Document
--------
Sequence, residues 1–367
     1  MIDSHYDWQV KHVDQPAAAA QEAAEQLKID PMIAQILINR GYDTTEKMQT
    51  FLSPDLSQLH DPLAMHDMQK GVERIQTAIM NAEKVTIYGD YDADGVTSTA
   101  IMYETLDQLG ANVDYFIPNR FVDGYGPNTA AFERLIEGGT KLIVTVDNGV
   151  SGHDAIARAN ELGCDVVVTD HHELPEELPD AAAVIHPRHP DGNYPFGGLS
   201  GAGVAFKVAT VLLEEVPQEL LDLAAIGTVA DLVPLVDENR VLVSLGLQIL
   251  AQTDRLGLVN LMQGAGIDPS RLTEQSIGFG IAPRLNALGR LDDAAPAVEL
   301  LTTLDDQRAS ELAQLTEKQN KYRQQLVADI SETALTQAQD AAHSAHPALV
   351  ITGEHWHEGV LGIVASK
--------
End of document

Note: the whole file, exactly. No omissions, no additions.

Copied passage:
Sequence, residues 1–367
     1  MIDSHYDWQV KHVDQPAAAA QEAAEQLKID PMIAQILINR GYDTTEKMQT
    51  FLSPDLSQLH DPLAMHDMQK GVERIQTAIM NAEKVTIYGD YDADGVTSTA
   101  IMYETLDQLG ANVDYFIPNR FVDGYGPNTA AFERLIEGGT KLIVTVDNGV
   151  SGHDAIARAN ELGCDVVVTD HHELPEELPD AAAVIHPRHP DGNYPFGGLS
   201  GAGVAFKVAT VLLEEVPQEL LDLAAIGTVA DLVPLVDENR VLVSLGLQIL
   251  AQTDRLGLVN LMQGAGIDPS RLTEQSIGFG IAPRLNALGR LDDAAPAVEL
   301  LTTLDDQRAS ELAQLTEKQN KYRQQLVADI SETALTQAQD AAHSAHPALV
   351  ITGEHWHEGV LGIVASK